Apple war truce?

The mixture of enthusiasm and caution from apple growers at news of a draft interim World Trade Organisation (WTO) ruling on New Zealand access to the Australian market is understandable. For 89 years this country's apples have been excluded, and successive attempts to gain access have been rebuffed.

When grudgingly, entry was allowed, the conditions, like orchard inspections and chlorine baths for export fruit, were impossible. They doubled the cost of producing apples and made sending them to Australia hopelessly uneconomic.

Finally and belatedly, in 2007, the Clark government felt it necessary to take its neighbour and friend to the WTO.

As expected, progress has been slow and, as expected, the WTO is finding in New Zealand's favour, especially because the United States won a similar long drawn-out apple case against Japan.

The WTO has again studied mountains of detailed scientific evidence and has confirmed the risk of fireblight being spread through mature apples is negligible.

The fact that the final decision is still months away and Australia can still appeal on matters of law is one ground for grower caution. Growers know the strength and vehemence of the apple lobby which fears New Zealand will undercut Australian producers on price and quality.

The spectre of Chinese exports also looms.

China, it is said, is the world's largest apple producer and already has sizeable slices of both the New Zealand and Australian markets in horticultural goods.

Chinese garlic, for example, is usually far cheaper and far slicker in its presentation than the local equivalents.

If Australia lets New Zealand in then others are likely to follow, including China.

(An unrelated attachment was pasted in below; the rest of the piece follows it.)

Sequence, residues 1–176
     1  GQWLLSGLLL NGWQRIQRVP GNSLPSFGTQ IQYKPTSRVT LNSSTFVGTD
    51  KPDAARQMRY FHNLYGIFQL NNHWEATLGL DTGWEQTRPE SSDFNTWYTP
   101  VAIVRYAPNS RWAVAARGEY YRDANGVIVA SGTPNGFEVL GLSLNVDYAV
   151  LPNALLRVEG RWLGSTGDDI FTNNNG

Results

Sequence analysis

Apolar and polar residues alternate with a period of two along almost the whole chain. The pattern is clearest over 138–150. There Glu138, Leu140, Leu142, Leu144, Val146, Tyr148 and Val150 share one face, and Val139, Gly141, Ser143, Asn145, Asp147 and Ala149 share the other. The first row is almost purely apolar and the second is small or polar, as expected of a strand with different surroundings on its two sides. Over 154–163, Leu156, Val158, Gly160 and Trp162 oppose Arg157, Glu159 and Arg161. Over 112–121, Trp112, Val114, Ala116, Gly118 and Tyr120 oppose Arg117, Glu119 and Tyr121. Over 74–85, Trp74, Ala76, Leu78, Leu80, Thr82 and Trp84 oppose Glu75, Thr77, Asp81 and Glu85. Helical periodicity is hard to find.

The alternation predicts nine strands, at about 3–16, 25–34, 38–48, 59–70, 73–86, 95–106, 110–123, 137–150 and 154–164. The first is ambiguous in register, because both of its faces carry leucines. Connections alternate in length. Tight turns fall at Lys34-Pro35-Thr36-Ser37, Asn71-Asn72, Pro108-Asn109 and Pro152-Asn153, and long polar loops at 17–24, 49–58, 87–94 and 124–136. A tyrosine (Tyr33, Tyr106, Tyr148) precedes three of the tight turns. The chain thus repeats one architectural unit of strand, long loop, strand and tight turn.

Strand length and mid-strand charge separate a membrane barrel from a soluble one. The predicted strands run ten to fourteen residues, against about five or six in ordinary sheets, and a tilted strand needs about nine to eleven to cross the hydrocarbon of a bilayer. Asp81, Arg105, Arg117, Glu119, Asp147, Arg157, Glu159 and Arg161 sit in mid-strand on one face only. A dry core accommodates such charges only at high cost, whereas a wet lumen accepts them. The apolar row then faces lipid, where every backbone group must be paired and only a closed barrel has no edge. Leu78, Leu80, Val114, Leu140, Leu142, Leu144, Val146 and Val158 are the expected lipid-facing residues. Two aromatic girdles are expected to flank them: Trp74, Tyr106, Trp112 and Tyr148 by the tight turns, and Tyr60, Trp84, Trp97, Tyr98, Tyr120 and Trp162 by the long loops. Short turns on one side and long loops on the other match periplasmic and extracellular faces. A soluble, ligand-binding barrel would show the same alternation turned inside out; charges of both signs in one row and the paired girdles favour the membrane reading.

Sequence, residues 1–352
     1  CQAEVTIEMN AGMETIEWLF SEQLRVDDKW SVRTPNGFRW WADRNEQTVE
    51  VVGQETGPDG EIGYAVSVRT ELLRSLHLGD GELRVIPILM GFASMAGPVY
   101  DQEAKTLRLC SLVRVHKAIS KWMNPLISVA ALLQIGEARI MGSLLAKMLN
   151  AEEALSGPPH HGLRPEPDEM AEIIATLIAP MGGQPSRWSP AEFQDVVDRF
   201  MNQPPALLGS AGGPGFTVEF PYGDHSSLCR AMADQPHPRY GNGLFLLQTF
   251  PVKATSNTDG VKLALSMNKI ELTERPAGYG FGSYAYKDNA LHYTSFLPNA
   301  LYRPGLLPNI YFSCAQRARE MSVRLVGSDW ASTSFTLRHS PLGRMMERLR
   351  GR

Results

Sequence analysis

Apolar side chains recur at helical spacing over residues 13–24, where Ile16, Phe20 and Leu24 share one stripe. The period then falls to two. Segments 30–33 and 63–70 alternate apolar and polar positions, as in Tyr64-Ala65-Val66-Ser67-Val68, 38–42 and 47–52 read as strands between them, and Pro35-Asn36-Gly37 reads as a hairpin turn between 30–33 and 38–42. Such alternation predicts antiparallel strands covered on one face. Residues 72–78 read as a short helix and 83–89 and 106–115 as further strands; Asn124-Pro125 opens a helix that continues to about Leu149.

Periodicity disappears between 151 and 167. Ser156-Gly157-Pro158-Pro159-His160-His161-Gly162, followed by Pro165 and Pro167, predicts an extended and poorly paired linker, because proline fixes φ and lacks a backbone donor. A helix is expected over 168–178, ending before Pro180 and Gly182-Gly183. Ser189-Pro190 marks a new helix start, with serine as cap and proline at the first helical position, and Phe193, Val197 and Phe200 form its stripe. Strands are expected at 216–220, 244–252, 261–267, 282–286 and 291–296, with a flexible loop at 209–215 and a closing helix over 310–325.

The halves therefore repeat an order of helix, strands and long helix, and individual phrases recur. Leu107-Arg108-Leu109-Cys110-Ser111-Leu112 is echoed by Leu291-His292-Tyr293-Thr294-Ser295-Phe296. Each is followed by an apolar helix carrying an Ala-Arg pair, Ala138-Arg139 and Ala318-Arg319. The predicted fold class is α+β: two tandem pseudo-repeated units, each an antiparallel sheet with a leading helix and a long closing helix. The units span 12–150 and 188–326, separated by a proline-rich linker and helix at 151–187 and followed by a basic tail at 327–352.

Chile, too, is lining up the Australian market.

The Australian apple market is not huge and estimates for New Zealand exports range around $15 million to $20 million per annum, small but significant.

On the other hand Australian apple consumption is much lower than New Zealand's and better prices and more competition could be what is needed to stimulate demand.

Issues like apple importation run on emotion, leaving the science and the facts ignored, twisted or rejected.

One Australian MP said last week of imported New Zealand apples, "you'll have outbreaks [of fireblight] all over the place".

Australian growers, similarly, magnify any hint of a risk and claim the science is on their side. Unfortunately, the reputation of the objectivity of scientists has been besmirched, sometimes justifiably, in recent times.

This gives weight to those who treat with scepticism the claims of a negligible chance of spreading fireblight via mature apples.

The growers pressure the Government and Biosecurity Australia and, soon, in high dudgeon, they convince many Australians of both the plight and right of their position.

Imagine the matter in reverse.

New Zealand growers would also battle hard to protect their patch and their livelihoods, with biosecurity risks likely to be stressed.

As everyone knows, such arguments are potent because introduced pests can so easily devastate industries - just ask apiarists what the Varroa mite has done to honey production.

Australia is in this instance, however, a blatant hypocrite.

It battles for free trade in agriculture while putting up several specific agricultural barriers to protect its own, including against New Zealand apples.

This is all the more galling because of Australian domination of so much of New Zealand commerce.

Its big retailers devastate small New Zealand merchants and its banks just about monopolise banking services.

The two governments have until the end of this month to comment on the draft decision before a final ruling is made.

Hopefully, the ammunition supplied by that decision will enable comparatively rapid progress on opening up the Australian market.

The New Zealand Government, while recognising the delicacy of forcing the issue before the looming Australian elections, should prompt Australia to move later this year and stop stonewalling.

Indications are the time is coming when New Zealand growers can gain access to a sizeable new market on our doorstep.